Putting Student Loans Into a Mortgage: Pros & Cons
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What Does Rolling Student Loans Into a Mortgage Mean?
Pros and Cons of Rolling Student Loans Into a Mortgage
Consolidate your debts. Many student loan borrowers have to pay back multiple student loan bills to different loan servicers. If you roll your student debt into your mortgage, you can simplify things by having a single payment to make. Combining your debts could make repayment easier to manage and work into your budget. Reduce your interest rates. Depending on your credit and other factors, you could qualify for a lower rate on a cash-out refinance or HELOC than you have on your student loans. Reducing your interest rate could lead to savings on interest charges. Gain tax benefits. You may be able to write off some of the interest you pay on your mortgage, potentially gaining greater tax benefits than you’d have on student loans. Since the situation is complicated, though, it’s worth consulting a tax professional about your specific situation. Lower your monthly payment. Since most mortgages have a long repayment term of 15 or 30 years, you could see your monthly student loan payment go down. Reducing your interest rate can also lower your monthly payment.
Risk foreclosure on your home. Student loan debt is unsecured, meaning your lenders can’t seize your assets if you default. (One exception is that the government can garnish your wages, tax refund, and Social Security benefits if you default on federal student loans). A mortgage is secured by your house, however. If you can’t pay it back, the bank can seize your home. Lose access to federal student loan protections. Federal student loans are eligible for a variety of programs, including income-driven repayment, forbearance, deferment, and loan forgiveness programs. Rolling your student loans into your mortgage means losing access to all these plans. Increase your interest costs. If combining your student loan debt with your mortgage means extending your repayment terms, you could end up paying more in interest over time, even with a reduced rate. Have trouble qualifying. Only borrowers with good or excellent credit and a low debt-to-income ratio qualify for the best rates on home loans. Unless you have strong financial credentials, you might not benefit much from rolling student loans into your mortgage through a cash-out refinance or HELOC.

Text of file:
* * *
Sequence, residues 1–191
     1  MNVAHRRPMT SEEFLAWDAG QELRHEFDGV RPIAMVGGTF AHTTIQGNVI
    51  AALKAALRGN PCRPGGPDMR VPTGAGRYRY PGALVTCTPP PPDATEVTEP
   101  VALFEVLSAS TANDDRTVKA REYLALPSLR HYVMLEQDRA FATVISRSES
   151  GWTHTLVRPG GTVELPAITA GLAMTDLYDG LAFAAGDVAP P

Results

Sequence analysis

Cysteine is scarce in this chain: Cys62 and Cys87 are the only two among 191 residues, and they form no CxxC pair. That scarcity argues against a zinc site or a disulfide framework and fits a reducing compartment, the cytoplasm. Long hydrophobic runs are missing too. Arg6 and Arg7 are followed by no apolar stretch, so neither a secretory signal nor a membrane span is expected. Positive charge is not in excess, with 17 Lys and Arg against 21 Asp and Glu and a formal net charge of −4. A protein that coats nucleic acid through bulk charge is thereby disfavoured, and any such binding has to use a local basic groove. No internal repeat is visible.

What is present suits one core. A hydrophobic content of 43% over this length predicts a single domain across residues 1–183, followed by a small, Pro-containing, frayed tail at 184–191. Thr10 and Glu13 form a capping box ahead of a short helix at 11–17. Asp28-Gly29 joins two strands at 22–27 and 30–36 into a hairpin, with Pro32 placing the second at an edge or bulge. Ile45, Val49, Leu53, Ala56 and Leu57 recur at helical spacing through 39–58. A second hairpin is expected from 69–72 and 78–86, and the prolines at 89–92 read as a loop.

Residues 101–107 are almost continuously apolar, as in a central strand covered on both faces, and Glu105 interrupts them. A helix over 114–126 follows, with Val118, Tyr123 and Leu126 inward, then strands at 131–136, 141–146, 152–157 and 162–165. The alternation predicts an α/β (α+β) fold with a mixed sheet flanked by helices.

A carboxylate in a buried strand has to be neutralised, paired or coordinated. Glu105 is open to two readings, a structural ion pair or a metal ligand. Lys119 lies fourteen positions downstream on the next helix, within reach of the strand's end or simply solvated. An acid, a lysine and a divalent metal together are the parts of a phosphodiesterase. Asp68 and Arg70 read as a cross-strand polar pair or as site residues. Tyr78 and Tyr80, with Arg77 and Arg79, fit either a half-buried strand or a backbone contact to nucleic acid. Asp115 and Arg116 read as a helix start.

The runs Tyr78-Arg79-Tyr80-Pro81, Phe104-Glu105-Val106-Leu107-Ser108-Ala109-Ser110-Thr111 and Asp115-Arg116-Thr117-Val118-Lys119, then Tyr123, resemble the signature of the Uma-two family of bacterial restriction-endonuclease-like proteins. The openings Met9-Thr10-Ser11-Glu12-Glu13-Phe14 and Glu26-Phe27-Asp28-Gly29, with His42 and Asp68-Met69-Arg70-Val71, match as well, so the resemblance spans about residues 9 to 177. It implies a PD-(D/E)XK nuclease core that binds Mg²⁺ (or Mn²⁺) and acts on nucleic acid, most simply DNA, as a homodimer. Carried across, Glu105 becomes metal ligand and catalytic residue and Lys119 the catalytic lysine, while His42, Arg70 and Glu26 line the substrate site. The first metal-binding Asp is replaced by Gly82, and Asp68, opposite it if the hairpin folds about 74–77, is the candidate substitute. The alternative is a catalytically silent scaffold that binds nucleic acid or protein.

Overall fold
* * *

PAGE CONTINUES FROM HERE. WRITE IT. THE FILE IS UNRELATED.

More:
Deciding if This Is the Right Choice for You
Alternatives to Rolling Student Loans Into a Mortgage
Student Loan Refinancing
Student Loan Forgiveness
Income-Based Repayment Plans
Refinance Your Student Loans With Lantern
3 Student Loan Refinancing Tips
Once the pandemic-related pause on federal student loan payments ends, going back to making payments may be hard on budgets. One solution is to refinance to a lower interest rate, longer loan term, or both, depending on your situation. (The tradeoff is that you’ll be forfeiting federal benefits such as repayment programs.) Find and compare your student loan refinance options. Paying extra each month on your student loan can reduce the interest you pay and so lower your total loan cost over time. (The law prohibits prepayment penalties on federal or private student loans.) If you teach full-time for five complete and consecutive academic years in a low-income school, you may be eligible for federal student loan forgiveness.
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